Earlier this week, the tennis world was rocked with a report that revealed evidence pointing to some of the world's top players being involved in match fixing. According to the report, 16 unnamed players who have been ranked in the top 50 have been flagged to the Tennis Integrity Unit (TIU) as a result of suspicions over throwing matches. Eight of the players who have been flagged are reportedly in the draw for the first Grand Slam of the year; the Australian Open, which is currently taking place in Melbourne. In addition, one of the players involved has reportedly won a Grand Slam. Despite the flagging of these by the TIU, none of these players have been disciplined. As a result, many are criticizing top tennis officials for knowing about these issues and doing nothing about it.
Betting on sports is quite common in the United States and Europe. A report from ESPN forecasted that roughly $95 billion would be bet on NFL and NCAA football alone this season. Despite the amount of bets put on sports such as football, basketball, and soccer, it seems that tennis is one of the most, if not the most scrutinized sport as it pertains to potential match fixing. What are some of the factors that may contribute to this?
The thing that makes tennis the sport that is perhaps the most susceptible to potential match fixing is the fact that it is the sport where one individual has the most power over the eventual outcome of the match. While match fixing is possible in team sports such as football, basketball, and soccer, there are so many variables that make it much more difficult. Even other individual sports such as golf are almost impossible to fix, as a result of there being so many other competitors in the field. In tennis, all it takes is one competitor to fail to compete to the best of their abilities, and the outcome of the match can be completely altered.
Take for example, the now highly scrutinized 2007 match between Nikolay Davydenko, who was then the fourth ranked player in the world, and Martin Vasallo Arguello, who was then ranked 87th in the world. Despite the fact that Davydenko should have been a heavy favorite over Arguello, roughly $7 million in bets were put on Betfair, a popular sports betting website, for Arguello to win the match. This was highly unusual, as a result of the amount being reportedly 10 times the amount that is usually wagered in these kind of matches. Davydenko won the first set 6-2, and was dominating Arguello in the second set, before beginning to stumble around and request medical timeouts. He lost the second set, and then forfeited the match in the third set.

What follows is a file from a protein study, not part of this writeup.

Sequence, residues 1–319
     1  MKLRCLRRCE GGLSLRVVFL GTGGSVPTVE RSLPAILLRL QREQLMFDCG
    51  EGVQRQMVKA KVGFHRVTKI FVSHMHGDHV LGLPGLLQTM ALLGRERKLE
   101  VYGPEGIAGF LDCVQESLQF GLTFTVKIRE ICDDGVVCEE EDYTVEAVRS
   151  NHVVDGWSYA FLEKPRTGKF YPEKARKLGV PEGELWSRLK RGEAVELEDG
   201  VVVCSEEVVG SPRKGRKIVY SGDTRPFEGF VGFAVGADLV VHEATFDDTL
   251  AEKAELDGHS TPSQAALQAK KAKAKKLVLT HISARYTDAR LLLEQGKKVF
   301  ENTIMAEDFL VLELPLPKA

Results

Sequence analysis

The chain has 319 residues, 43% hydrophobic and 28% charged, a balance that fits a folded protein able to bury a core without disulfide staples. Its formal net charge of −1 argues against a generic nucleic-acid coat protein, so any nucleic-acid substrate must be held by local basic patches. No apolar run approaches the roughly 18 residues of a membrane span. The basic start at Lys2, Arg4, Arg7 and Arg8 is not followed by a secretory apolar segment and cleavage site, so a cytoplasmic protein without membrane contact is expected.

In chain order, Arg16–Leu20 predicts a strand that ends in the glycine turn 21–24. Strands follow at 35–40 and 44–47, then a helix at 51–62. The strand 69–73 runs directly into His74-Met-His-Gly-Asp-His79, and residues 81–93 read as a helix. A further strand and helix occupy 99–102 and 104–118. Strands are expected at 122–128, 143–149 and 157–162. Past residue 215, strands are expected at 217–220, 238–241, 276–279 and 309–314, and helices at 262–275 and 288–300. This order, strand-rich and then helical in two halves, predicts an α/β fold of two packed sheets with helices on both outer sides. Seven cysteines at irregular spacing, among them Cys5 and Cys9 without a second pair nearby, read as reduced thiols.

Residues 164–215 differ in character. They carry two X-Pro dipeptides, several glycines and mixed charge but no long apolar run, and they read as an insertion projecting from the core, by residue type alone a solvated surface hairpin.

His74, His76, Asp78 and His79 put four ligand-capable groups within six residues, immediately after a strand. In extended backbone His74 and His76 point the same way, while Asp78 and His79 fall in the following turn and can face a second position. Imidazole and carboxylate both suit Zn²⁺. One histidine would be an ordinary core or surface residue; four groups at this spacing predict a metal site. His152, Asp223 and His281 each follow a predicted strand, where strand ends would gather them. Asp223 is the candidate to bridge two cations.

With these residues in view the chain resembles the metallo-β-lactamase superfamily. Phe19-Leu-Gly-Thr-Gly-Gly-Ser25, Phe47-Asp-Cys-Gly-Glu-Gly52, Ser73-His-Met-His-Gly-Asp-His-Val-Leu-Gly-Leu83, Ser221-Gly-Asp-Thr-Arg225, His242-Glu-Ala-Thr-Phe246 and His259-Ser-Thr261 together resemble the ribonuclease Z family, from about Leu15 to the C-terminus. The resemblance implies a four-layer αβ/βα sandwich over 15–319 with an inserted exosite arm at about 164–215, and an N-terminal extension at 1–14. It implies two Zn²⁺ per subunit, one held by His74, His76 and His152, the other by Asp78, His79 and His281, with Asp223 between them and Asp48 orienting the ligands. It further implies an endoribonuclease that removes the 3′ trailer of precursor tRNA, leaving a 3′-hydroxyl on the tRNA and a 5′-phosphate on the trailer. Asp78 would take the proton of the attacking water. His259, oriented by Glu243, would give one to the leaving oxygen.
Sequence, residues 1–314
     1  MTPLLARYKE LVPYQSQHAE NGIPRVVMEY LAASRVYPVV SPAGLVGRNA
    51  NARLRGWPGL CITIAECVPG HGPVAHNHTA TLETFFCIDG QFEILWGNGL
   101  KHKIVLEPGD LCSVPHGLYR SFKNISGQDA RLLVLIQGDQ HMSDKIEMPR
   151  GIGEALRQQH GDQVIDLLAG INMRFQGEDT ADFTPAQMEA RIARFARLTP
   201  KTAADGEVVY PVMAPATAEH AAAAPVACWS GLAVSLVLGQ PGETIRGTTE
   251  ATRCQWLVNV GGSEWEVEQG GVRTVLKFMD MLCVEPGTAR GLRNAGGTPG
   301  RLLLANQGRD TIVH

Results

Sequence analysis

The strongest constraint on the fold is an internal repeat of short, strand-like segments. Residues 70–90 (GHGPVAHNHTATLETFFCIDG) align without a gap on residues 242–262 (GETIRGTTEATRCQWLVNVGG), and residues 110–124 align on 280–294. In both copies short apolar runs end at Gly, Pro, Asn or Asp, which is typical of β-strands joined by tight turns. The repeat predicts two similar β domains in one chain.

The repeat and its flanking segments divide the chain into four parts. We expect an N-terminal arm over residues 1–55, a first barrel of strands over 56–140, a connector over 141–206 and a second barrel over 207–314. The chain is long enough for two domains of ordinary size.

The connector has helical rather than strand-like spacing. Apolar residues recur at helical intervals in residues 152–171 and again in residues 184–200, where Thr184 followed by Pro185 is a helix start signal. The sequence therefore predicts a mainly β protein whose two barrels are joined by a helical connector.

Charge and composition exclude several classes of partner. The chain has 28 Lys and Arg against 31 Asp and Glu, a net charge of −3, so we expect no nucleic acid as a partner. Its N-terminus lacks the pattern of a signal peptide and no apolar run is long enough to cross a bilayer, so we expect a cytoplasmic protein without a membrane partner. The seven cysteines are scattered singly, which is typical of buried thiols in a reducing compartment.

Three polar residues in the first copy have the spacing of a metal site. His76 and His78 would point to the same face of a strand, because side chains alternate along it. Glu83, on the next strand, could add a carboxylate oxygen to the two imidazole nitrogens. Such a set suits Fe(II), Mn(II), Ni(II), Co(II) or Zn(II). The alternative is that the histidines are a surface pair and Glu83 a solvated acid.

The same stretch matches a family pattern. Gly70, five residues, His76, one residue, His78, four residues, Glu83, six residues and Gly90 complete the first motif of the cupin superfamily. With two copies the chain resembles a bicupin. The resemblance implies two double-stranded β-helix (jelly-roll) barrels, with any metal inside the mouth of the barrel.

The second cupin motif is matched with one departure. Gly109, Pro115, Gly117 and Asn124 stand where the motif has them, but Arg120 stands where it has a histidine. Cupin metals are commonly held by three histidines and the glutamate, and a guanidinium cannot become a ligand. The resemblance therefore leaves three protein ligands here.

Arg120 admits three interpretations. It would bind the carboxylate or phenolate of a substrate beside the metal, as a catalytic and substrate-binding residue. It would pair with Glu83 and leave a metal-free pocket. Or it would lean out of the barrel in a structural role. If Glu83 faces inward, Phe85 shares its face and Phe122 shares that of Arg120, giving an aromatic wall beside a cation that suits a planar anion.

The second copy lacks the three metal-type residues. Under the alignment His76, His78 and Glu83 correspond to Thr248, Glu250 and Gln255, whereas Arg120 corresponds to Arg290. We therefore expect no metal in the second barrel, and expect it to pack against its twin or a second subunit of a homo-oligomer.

The suspicious betting activity, along with the suspicious match outcome, was enough for Betfair to void all of the bets placed on the match, the first time in history the website had ever taken such action. The Association of Tennis Professionals said that they would conduct an investigation into the match, but reported in 2008 that they found no wrongdoing by either player.
But the main factor that makes tennis more susceptible to match fixing is the amount of money involved. Novak Djokovic, the No. 1 ranked player in the world, says that he was offered $200,000 to throw a match in Russia back in 2007. He says that he ultimately decided to not play in the tournament, but it is not too difficult to see why some players may be tempted to throw matches. The median salary for a male professional tennis player is roughly $305,000. While that may seem like a lot to many people, it isn't that much money when compared to professional athletes in other sports, such as football, basketball, and soccer. Basically, if you aren't in the upper echelon of players, such as Novak Djokovic, Roger Federer, and Andy Murray, who are making millions of dollars, the amount of money you could potentially make by fixing one match could potentially rival the amount of money you make in a year!
It will be interesting to see how top officials in the tennis world will go about fixing this messy situation. We will be sure to update you on any new developments.